Second, the advice on study time is similarly flawed.  Many attorneys do not know that the MBE added a seventh subject of Civil Procedure and that doing so negatively impacted applicants’ “cognitive load.”  In addition, many jurisdictions changed cut scores and/ or added subjects to the local part of the exam.  On top of THAT, many jurisdictions have diversified the way they test, especially the dozens of jurisdictions adopting the UBE.  When I took Massachusetts in 2000, for instance, we took the MBE like everyone else and then encountered ten local law essays on the second test day.  However, now that Massachusetts has adopted the UBE, it includes multiple-choice questions, very different essays, and a performance test.  As a result, students simply have more to study and practice than they did when I took Florida in 1997 and Massachusetts in 2000.  As such, you should be advising applicants to complete more work, not less.

Third, we know a lot more now about the science of learning than even just a few years ago.  Back when my judge took the bar exam, the cognitive load was not as substantial, the testing itself was less precise, cut scores were more favorable, and more students could get away with suboptimal study methods.  Applicants simply had more margin for error than today.  Therefore, telling a 2022 student just to watch videos and read outlines repeatedly (methods cognitive science tells us are less effective) sets them up for falling below that slim margin of error.  Do you know what Adaptibar is?  Do you know the date on which students should switch from massed to mixed practice?  Do you know what score students should achieve on their bar prep company’s midterm?  Do you know how the UBE changed your jurisdiction’s exam?  Have you attended multiple conferences at the NCBE about how they test?  Do you know anything about spaced repetition, metacognition, and forced recall practice?  If you do not know these things, you should not be tinkering with students’ microscopic margin of error.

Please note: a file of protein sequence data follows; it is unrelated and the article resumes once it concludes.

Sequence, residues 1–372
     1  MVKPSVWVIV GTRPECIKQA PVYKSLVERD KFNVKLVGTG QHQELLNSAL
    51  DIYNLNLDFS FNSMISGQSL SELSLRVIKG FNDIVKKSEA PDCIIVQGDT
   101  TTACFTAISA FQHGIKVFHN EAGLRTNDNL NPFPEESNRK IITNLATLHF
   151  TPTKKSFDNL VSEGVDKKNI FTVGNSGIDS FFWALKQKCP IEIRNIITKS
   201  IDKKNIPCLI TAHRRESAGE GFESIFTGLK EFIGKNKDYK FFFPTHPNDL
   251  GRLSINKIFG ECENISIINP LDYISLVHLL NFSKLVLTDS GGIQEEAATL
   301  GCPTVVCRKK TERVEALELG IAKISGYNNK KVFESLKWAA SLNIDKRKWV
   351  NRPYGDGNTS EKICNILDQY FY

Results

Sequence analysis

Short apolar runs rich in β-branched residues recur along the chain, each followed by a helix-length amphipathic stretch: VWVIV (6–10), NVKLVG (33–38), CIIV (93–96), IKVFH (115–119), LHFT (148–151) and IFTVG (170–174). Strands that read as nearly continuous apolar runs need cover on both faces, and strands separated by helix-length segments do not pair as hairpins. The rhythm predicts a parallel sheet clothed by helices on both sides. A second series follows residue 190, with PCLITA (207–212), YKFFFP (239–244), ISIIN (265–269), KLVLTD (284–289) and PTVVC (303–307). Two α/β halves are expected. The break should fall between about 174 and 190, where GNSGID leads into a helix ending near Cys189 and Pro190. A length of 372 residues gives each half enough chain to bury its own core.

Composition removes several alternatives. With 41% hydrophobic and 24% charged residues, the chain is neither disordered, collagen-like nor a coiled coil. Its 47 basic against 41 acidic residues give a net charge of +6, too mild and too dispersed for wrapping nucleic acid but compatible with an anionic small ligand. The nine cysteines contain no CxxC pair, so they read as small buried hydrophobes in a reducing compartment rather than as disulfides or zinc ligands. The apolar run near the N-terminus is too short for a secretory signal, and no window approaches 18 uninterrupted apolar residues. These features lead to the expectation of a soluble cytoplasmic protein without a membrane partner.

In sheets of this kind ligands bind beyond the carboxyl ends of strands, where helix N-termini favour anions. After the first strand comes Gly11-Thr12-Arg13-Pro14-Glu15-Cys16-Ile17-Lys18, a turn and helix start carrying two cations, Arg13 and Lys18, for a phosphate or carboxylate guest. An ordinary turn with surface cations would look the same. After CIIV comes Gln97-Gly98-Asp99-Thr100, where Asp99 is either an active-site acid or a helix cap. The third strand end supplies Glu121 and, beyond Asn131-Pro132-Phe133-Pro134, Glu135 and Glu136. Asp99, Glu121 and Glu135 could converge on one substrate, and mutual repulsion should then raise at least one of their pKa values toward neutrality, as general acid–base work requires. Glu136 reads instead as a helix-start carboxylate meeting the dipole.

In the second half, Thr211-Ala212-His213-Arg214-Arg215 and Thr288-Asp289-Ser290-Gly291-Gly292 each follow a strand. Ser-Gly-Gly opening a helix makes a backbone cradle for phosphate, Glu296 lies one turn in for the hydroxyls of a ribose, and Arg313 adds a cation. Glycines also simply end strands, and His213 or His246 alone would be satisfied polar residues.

I am not saying that you do not play a critical role in applicants’ bar passage.  You certainly do.  Please, definitely tell students to work hard.  Let them know that you believe they are capable of passing.  Tell them about your experience walking into the bar exam and hearing someone say something ludicrous like “the Supreme Court just ruled all torts unconstitutional.”  These messages absolutely help.  But my concern is with blanket statements (based on a single experience from 20+ years ago with an exam that no longer exists) that will undermine our instructions based on current information and extensive full-time attention to the field.  Just as trying some cases in 1997-2003 does not make me an expert on litigating in 2022, sitting for a single bar exam in 1997 does not make one an expert on taking a very different bar exam today.

In sum, your well-intentioned advice should not contradict the experts.  We have studied the correlation between completion percentage and bar passage.  We have collaborated with hundreds of other academic and bar support faculty around the country.  We have had training from those who actually create and grade the exam.  Your encouragement given to your new associate/ Assistant District Attorney/ Assistant Public Defender is invaluable.  But please realize that inaccurate advice will hurt your would-be lawyer and leave you with an employee without a bar card.     


[1]  I do not mean to express an unqualified endorsement of the bar exam status quo.  Serious issues exist in how we currently test bar applicants, the most important of which is how the exam impacts Students of Color.    

[2]  A more accurate term would actually be “privileged kids.”


Louis Schulze